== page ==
He also suggested that the city subsidize safety-related renovations by landlords, such as adding fire safety sprinklers or, as Councilman Peter Ohtaki added, making homes safer for earthquakes. The idea would be to keep those renovation costs from being pushed onto the renters and increasing housing costs. Both ideas were referred to the Housing Commission for further study.
Other policies the Housing Commission will explore:
● An anti-retaliation ordinance to prevent landlords from punishing renters who complain by increasing rent or evicting them.
● Allowing people who have already had to move out of the community to get back on the city's "below market rate" housing wait list. The wait list currently has about 450 people on it, said Jennifer Duffy, director of business development at Hello Housing, the nonprofit that administers Menlo Park's "below market rate" housing program. The staff of Hello Housing could go back through their records since 2008 and see if anyone wants to be put back on the list.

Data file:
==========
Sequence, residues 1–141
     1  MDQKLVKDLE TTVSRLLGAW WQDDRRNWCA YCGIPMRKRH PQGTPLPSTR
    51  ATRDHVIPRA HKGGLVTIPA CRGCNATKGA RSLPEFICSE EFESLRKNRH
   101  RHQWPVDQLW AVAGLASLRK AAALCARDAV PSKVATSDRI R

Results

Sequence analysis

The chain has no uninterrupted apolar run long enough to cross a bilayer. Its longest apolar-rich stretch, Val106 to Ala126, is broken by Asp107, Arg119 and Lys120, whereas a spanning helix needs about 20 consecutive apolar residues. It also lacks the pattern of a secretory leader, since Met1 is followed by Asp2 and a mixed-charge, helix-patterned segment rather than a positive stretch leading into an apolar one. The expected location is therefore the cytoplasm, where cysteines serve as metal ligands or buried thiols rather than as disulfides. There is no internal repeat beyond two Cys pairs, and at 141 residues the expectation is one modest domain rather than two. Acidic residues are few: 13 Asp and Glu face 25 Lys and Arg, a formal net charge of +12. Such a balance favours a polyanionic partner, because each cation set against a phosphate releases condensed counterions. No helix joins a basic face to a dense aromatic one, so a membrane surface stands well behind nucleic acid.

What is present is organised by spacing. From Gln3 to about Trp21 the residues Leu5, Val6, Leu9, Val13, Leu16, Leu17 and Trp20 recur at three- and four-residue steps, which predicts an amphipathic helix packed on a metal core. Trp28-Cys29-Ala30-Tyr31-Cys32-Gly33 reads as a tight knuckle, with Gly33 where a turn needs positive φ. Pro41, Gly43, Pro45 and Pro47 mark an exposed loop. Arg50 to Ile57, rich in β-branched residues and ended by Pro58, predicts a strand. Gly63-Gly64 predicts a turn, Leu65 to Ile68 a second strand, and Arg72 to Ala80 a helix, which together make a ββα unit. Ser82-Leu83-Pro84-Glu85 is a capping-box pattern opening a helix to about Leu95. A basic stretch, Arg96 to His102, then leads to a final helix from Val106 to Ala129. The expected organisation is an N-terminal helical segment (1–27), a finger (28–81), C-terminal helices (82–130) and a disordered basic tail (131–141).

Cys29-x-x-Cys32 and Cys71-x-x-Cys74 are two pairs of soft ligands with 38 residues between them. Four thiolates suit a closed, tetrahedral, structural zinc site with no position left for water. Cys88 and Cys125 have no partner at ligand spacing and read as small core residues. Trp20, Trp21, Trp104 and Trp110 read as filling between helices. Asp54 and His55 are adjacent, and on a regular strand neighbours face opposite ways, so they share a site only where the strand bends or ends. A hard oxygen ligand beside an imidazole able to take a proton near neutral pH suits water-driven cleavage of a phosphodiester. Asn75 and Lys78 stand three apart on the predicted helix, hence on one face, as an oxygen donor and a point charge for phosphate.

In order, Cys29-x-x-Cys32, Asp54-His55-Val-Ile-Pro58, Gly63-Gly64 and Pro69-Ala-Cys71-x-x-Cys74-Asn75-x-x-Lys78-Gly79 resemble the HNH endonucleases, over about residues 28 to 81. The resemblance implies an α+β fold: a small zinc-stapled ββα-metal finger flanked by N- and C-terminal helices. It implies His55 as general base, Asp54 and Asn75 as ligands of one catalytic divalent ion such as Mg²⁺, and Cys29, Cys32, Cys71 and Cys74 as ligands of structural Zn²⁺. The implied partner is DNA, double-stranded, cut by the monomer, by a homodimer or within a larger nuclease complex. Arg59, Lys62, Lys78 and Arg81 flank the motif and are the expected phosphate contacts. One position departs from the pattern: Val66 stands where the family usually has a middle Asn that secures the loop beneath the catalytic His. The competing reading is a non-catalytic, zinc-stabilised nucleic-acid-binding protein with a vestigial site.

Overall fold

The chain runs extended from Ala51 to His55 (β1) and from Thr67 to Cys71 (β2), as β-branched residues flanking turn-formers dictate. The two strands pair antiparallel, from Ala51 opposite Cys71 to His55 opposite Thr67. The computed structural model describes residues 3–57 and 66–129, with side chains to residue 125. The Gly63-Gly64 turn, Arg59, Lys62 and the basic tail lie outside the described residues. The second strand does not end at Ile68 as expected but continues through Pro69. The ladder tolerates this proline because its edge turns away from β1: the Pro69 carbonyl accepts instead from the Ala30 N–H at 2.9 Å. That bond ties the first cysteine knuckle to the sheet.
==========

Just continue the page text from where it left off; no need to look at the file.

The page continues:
● Allowing homeowners in the below-market-rate program to sublet rooms at below-market-rate rent.
● A mandatory, non-binding mediation program. Different cities do this differently, but the idea is to create a safe venue for a renter and a landlord to negotiate or meet with a third-party mediator to try to come to a compromise about a conflict. Councilman Ohtaki said that if Menlo Park were to pursue this policy, he'd want it to be limited to disputes about rent increases. Mr. Howard said that Mountain View's program has led to 76 percent of cases being resolved. A resolved case doesn't necessarily mean a win for the renter, though, Ms. Stivers pointed out. According to her, another city's mediation program results in rent decreases or extended tenancies in only about 2 percent of cases.
● A rental relocation fund and policy to help renters who are displaced by the permanent removal of housing from the market and are looking for a new home.
In basically saying yes to considering nearly all of the suggested policies and adding many of their own suggestions, the council should not expect anything too soon, City Manager Alex McIntyre said.
"This is going to take a very long time to do," he said. "This is a lot of work – work we will pursue and are happy to." He noted, "I have two staff members who do this."